• Smart cities. A technology-savvy city is no longer a fantasy; it’s an expectation from our residents. We live in a time where inexpensive technology embedded throughout Folsom can and should make our environment more efficient in terms of land use, energy reductions, transportation and government processes. This type of technology will greatly reduce traffic congestion while we grow into South of 50. Folsom’s leadership needs to embrace the implementation of technology, giving Folsom an opportunity to reap the benefits and reduce the direct expenses.



How are you qualified to lead Folsom?

I believe that my 22 years of community service as a park, planning and library commissioner and an additional eight years as a Folsom councilman gives me a very accurate evaluation of what issues the city must confront and resolve in order to keep Folsom a quality city. I remember the past, but I live in the future. I am not just a dreamer, but a doer. My agenda is to sustain and improve the quality of life for every child, parent, young adult, senior and veteran in Folsom. I will not let special interests in development and over commercialization disrupt the quality of life in Folsom. We will only accept the best!

What do you see as the biggest challenge facing Folsom?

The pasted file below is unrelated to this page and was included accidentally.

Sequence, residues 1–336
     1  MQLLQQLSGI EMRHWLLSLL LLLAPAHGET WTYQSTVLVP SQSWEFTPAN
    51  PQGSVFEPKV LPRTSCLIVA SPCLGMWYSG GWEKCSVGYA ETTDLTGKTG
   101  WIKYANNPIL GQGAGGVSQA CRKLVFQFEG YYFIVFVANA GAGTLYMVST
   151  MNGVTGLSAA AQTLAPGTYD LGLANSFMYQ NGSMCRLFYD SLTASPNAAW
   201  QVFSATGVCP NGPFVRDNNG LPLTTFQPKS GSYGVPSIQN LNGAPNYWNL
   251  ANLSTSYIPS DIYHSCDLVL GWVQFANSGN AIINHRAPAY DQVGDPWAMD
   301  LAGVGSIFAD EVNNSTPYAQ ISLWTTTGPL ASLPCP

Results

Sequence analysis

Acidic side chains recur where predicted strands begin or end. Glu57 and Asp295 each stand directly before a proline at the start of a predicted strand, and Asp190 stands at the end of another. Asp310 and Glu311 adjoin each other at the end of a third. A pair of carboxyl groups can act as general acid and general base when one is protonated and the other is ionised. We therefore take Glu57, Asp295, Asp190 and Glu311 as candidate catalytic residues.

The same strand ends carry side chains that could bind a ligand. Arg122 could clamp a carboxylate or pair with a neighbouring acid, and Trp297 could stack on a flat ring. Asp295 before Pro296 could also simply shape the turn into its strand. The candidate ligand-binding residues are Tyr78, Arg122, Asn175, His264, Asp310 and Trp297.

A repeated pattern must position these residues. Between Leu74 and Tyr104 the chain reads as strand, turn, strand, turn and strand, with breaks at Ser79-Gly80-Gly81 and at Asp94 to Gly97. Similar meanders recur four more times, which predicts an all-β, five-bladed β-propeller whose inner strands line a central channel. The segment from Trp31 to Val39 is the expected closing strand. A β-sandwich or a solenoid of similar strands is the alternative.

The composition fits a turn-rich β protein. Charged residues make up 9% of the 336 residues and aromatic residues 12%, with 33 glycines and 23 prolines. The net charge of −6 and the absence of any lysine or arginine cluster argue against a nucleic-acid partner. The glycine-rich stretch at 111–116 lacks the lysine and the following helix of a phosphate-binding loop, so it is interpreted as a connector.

Folsom’s biggest challenge in the future is to retain our quality of life and living and working to improve it. One example is to protect the last 17 acres of riverfront from over development. The acreage is for the benefit of all the folks and residents to enjoy. There’s more to be done on water, traffic, etc.; we need a doer to attack these challengers and not a dreamer.

What is your vision for Folsom’s future?

Working together, we will preserve the quality of life in Folsom and see that the following challenges facing the city are met:

• Protect the riverfront

• Discourage further Folsom site development South of White Rock

• Do not minimize water concerns

• Traffic concerns

• Folsom South monitorship

• Protecting our quality of life

• Community college enhancements

• Continue to monitor city fiscal responsibilities

• Continued K-12 school enhancements

• Finish 10 undeveloped parks and 10 unfinished parks

I continue my pledge to you. “I will not pander to any special interests or promise the universe to get re-elected. I will simply continue to work hard for you, doing what I’ve always done, fighting for the people of Folsom with honesty and integrity.”



How are you qualified to lead Folsom?